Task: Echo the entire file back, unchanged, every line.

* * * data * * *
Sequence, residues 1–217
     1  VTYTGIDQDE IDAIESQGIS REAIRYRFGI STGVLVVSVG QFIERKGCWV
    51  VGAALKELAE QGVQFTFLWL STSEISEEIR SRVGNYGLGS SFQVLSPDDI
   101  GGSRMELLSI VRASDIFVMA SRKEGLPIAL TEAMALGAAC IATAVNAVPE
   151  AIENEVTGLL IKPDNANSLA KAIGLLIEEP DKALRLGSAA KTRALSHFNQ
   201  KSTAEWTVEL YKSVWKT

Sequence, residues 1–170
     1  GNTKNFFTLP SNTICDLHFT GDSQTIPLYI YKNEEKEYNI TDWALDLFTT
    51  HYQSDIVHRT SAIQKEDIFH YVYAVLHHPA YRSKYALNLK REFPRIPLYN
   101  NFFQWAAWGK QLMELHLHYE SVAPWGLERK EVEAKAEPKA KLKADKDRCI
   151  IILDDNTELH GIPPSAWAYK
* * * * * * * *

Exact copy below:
Sequence, residues 1–217
     1  VTYTGIDQDE IDAIESQGIS REAIRYRFGI STGVLVVSVG QFIERKGCWV
    51  VGAALKELAE QGVQFTFLWL STSEISEEIR SRVGNYGLGS SFQVLSPDDI
   101  GGSRMELLSI VRASDIFVMA SRKEGLPIAL TEAMALGAAC IATAVNAVPE
   151  AIENEVTGLL IKPDNANSLA KAIGLLIEEP DKALRLGSAA KTRALSHFNQ
   201  KSTAEWTVEL YKSVWKT

Sequence, residues 1–170
     1  GNTKNFFTLP SNTICDLHFT GDSQTIPLYI YKNEEKEYNI TDWALDLFTT
    51  HYQSDIVHRT SAIQKEDIFH YVYAVLHHPA YRSKYALNLK REFPRIPLYN
   101  NFFQWAAWGK QLMELHLHYE SVAPWGLERK EVEAKAEPKA KLKADKDRCI
   151  IILDDNTELH GIPPSAWAYK